The following reflection by Jim Taylor is an excellent reflection on how the Bible, and scripture, has been used in the past, and not so recent past, to justify the actions taken by those who have political power. In fact, I too have been guilty of this offence. In the particular  case that Taylor is reflecting on, Romans 13:1 was used to justify how a government has incarcerated children.

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Beware of politicians quoting Bible verses

By Jim Taylor  – Sunday, June 24, 2018

For a hundred years, the Canadian government took children from their parents and incarcerated them in Indian Residential Schools. For their own good. The feds have since issued apologies. They’ve paid around $5 billion in compensation. And all governments have paid many billions more in welfare, prisons, and social assistance.

In the 1950s, the B.C. government took Doukhobor children away from their families, and locked them up in a prison camp in New Denver. For the children’s own good, of course.

In the 1960s, various governments did the Sixties Scoop. Once again Indigenous children were separated from their parents and placed with white foster families. For their own good, of course.

We’re now reaping a bitter harvest of alcoholism and drug dependency, of depression and suicide, of adults who don’t know how to be parents.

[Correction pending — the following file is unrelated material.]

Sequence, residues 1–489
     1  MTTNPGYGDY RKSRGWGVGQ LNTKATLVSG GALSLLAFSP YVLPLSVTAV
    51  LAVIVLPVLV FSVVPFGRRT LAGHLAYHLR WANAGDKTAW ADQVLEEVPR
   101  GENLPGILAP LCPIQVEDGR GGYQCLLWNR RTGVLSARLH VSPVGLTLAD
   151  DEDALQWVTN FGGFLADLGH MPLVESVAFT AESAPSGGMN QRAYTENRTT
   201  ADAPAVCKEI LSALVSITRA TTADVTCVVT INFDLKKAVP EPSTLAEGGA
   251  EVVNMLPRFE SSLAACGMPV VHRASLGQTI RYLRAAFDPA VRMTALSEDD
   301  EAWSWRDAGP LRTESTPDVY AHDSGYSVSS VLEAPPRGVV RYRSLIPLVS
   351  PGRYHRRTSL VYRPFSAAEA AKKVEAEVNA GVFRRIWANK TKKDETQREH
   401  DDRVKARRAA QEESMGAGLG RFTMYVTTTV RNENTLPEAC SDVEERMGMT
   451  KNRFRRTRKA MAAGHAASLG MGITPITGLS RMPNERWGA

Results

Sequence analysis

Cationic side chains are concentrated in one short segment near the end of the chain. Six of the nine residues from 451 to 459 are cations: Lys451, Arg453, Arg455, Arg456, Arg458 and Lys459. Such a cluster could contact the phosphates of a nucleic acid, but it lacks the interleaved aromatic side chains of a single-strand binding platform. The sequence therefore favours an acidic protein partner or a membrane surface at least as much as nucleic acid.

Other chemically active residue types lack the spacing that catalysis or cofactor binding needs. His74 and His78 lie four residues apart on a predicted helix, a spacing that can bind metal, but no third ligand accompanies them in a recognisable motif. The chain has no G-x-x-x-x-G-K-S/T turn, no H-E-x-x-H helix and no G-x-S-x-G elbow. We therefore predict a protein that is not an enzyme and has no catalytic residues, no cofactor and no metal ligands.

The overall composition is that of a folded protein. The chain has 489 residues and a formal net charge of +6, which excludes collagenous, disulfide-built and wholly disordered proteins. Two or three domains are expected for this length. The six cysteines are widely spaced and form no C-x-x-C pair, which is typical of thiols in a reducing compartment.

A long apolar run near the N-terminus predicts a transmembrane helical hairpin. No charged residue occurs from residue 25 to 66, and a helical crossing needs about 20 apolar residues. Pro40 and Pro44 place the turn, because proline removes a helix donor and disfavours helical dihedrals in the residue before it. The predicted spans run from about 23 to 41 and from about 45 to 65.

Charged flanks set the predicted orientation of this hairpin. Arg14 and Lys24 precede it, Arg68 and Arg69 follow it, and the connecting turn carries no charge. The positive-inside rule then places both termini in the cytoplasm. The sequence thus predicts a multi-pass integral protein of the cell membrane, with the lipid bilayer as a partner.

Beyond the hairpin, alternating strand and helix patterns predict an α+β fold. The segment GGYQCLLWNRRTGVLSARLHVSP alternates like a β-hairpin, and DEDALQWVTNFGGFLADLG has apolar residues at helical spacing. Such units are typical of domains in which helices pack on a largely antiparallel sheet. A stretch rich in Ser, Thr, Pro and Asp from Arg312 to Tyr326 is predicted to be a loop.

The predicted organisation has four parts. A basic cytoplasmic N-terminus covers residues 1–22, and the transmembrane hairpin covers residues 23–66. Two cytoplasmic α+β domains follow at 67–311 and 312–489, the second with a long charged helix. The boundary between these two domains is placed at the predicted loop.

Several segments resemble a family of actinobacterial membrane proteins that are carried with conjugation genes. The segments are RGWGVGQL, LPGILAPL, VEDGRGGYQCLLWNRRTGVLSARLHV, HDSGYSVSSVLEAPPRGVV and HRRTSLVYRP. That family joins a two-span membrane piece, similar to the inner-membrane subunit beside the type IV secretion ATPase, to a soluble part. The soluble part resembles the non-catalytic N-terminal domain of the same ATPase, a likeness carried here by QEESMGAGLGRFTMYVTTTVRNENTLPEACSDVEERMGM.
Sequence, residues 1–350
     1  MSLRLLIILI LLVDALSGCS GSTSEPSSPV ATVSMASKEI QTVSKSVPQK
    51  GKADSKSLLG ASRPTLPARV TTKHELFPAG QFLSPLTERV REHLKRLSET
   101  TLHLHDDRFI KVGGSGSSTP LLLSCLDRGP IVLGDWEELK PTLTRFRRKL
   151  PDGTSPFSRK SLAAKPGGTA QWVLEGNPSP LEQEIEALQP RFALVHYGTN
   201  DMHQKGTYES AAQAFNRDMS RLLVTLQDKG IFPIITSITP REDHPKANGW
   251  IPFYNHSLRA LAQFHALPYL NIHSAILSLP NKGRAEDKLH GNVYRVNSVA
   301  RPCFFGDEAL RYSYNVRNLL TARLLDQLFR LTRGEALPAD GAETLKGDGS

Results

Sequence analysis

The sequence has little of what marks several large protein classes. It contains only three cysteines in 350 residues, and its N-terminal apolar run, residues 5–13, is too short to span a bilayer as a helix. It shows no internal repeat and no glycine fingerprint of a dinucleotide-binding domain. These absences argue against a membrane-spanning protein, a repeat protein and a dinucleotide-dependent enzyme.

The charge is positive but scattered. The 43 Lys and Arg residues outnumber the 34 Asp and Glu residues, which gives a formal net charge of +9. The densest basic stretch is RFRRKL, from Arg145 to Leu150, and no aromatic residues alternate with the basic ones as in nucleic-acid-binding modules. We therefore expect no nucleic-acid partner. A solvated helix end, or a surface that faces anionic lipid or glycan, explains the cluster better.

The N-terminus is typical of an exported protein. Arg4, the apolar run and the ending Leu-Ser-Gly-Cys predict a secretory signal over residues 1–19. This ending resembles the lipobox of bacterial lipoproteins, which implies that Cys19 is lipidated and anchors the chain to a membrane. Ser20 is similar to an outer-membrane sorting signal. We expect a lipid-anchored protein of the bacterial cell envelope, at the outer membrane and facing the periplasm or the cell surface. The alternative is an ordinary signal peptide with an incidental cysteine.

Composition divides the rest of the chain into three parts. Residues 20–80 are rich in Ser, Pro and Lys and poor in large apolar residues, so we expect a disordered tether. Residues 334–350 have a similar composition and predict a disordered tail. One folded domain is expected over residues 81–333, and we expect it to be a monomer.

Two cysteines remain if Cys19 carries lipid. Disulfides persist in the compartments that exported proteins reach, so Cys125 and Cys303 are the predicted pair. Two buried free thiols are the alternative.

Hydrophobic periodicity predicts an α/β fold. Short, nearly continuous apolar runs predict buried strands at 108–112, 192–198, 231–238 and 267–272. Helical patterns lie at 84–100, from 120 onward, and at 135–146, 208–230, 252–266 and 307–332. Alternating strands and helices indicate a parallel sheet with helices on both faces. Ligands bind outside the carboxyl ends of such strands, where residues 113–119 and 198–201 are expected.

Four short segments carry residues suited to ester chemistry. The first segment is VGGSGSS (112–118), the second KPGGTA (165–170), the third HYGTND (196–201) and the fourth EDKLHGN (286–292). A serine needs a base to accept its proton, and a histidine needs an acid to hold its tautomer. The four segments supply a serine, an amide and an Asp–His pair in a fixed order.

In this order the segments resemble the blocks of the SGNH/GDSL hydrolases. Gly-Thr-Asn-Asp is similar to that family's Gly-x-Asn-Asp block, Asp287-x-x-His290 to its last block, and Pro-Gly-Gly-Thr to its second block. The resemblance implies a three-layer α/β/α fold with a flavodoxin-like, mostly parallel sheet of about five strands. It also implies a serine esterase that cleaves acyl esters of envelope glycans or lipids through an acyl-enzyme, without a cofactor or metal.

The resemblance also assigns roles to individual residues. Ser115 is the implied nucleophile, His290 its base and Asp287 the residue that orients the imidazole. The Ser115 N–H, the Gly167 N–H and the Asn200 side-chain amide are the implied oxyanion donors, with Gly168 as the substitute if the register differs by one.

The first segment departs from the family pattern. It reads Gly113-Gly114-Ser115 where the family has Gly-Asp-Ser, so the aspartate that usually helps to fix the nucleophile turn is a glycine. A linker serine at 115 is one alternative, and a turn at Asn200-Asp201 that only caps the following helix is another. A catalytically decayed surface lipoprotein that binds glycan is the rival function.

I know about the trauma of foster parenting and adoption personally. My grandson was adopted from Ethiopia. At 11, he’s still working through the after-effects of being torn from his natural family, shipped from orphanage to orphanage, and finally brought to Canada.

Adoption data suggests that if you can adopt during a child’s first year, separation anxiety will fade in two or three years. Separation at two will probably take five years. Separation at seven or eight may never be overcome.

And then the Trump administration set a policy of removing children from parents who enter the United States illegally, and locking the children up in detention centres.

 Can’t we ever learn from past mistakes?